Amid the huge assurance of the Arab uprisings, the Gulf kingdom of Bahrain has been virtually forgotten. Fusing old and modern research, Bahrain’s Uprising seeks to fill this hole, studying the continuing protests and country repression that maintains today.
Drawing on strong tales, interviews, and conversations from these concerned, this huge selection of writings by means of students and activists presents a infrequently heard voice of the lived adventure of Bahrainis, describing the best way a worldly society, outlined via a historic fight, keeps to abate the efforts of the ruling elite to rebrand itself as a liberal monarchy.
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Additional resources for Bahrain's Uprising
The causes of the political crisis We are here today not because of what happened on 14 February. That remarkable day in the history of Bahrain was the result of a decades-long failure of the political system that had its roots in the dissolution of the elected National Assembly in 1975. Yet in February 2001, Bahraini citizens’ hopes were high. The government and the opposition had agreed to begin a new chapter in the form of the National Action Charter, whereby the King made a number of commitments, including a return to parliamentary life, the a t r i al of th ough ts and idea s 45 preservation of the 1973 constitution, and a move towards a higher democratic process by the creation of a constitutional monarchy ‘similar to that seen in long-established democracies’.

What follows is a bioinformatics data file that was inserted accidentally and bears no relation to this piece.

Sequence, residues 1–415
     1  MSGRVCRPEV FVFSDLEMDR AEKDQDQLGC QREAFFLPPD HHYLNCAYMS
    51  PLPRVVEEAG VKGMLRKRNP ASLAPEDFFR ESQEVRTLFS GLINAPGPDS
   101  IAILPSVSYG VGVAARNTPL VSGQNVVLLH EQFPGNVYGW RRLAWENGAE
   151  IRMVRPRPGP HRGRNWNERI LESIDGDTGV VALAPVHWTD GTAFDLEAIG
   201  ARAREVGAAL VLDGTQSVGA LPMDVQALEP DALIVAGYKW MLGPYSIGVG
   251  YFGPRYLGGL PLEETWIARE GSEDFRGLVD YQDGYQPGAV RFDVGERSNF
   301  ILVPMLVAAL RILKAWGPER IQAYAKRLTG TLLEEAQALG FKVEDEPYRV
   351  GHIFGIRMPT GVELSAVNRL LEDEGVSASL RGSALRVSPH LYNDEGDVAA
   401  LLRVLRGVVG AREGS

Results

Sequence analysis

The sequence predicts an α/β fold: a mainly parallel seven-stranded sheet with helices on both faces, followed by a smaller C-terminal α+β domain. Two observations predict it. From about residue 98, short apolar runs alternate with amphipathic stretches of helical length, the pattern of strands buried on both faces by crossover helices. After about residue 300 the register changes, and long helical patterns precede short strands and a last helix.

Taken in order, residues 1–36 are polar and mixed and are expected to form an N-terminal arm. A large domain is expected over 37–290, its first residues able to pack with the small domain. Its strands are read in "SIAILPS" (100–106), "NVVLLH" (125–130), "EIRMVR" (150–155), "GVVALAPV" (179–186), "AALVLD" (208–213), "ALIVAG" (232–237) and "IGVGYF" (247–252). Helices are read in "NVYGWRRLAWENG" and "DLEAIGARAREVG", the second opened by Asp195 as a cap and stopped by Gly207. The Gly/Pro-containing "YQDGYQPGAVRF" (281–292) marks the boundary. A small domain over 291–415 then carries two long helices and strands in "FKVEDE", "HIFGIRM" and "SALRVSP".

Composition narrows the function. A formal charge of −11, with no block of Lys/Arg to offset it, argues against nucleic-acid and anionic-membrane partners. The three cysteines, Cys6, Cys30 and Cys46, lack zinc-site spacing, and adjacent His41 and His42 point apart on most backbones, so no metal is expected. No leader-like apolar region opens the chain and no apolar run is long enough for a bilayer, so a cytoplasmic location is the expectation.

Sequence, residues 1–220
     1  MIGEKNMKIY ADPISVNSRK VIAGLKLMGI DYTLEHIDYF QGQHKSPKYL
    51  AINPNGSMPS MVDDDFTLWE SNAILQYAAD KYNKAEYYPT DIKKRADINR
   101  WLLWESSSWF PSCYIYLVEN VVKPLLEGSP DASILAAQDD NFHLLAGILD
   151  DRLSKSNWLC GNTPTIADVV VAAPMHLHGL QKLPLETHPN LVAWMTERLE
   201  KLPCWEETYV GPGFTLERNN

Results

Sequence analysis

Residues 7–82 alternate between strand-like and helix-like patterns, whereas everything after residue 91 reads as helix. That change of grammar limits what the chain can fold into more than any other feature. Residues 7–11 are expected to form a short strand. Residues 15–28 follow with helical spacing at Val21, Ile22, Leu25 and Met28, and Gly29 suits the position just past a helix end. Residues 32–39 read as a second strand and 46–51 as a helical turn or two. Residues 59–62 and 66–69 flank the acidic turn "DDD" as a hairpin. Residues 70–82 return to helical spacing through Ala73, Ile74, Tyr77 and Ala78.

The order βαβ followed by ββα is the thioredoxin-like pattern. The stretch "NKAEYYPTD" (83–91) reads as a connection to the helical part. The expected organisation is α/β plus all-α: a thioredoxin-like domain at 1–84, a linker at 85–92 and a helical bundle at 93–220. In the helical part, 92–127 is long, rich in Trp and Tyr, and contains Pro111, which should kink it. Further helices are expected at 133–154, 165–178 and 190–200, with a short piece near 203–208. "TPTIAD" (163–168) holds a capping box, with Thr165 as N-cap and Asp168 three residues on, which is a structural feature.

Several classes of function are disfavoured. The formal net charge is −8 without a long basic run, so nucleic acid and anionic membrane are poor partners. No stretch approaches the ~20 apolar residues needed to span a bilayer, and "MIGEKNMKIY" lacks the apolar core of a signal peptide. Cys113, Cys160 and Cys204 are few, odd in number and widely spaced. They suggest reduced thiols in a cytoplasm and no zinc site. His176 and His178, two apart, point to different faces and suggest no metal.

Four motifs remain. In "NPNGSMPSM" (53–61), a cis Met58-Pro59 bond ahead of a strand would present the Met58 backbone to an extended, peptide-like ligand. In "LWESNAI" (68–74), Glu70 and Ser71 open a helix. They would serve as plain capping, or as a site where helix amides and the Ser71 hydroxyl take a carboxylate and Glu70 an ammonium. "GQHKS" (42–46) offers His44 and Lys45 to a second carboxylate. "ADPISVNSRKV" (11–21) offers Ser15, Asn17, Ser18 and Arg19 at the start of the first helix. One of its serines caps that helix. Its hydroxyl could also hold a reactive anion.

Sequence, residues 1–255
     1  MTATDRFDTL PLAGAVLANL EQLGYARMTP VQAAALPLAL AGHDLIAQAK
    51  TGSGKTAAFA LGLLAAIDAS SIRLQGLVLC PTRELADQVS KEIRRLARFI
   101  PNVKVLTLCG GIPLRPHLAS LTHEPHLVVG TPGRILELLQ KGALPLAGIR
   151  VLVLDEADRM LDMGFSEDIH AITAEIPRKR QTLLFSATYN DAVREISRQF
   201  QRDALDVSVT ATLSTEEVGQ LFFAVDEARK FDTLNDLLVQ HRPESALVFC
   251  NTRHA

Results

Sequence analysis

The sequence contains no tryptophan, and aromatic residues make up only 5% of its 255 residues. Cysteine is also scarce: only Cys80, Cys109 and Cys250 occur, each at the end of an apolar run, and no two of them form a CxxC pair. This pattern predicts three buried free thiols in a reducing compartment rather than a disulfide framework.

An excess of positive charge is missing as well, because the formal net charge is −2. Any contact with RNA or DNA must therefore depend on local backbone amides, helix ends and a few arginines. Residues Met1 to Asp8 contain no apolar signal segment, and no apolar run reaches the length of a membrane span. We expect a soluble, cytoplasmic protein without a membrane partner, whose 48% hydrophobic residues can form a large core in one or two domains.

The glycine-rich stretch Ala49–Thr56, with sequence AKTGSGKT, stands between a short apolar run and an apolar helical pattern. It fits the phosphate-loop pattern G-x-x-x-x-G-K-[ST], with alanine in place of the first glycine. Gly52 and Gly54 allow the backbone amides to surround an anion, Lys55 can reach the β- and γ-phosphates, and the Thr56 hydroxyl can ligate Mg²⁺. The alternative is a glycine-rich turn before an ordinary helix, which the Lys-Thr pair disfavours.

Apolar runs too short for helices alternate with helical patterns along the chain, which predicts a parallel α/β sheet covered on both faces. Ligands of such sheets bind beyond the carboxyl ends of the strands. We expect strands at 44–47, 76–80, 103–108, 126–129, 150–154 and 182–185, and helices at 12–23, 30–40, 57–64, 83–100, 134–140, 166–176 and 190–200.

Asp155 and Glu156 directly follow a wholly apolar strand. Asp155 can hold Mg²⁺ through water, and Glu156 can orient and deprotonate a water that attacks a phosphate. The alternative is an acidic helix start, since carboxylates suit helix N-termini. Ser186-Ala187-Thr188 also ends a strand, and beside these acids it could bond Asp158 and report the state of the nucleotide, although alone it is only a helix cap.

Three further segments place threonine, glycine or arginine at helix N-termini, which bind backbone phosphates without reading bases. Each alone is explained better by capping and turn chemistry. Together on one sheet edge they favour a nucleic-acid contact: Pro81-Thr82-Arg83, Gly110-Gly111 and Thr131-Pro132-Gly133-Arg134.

Thankfully, there has been no contemporary history of civil war in the country and there is a lack of appetite for armed struggle; the cost of such an option, as has been demonstrated in the region, is even heavier than sticking with the status quo. The outlook remains uncertain yet carries a sense of historical inevitability. On the surface, for any visitor to the country, the bah rain’ s up rising 37 checkpoints, separation walls, barricades, and the police presence are all too visible, despite an uneasy daily working grind of ‘business as usual’ and the neoliberal trappings of the modern world.
33 The Bahraini regime knew that meaningful political change entailing any change to structures of power would not protect their position of privilege – one they have enjoyed since invading Bahrain in late 1782. Given that even minor political concessions would be perceived as weakness, the vast apparatus of coercion, built on various mechanisms of everyday structural violence, were easily projected in a modus operandi of explicit and unashamed repression. As such, the counter-revolutionary response was predicated on a need to securitise and re-impose the police state in order to prevent a new political creation or a new social order forming.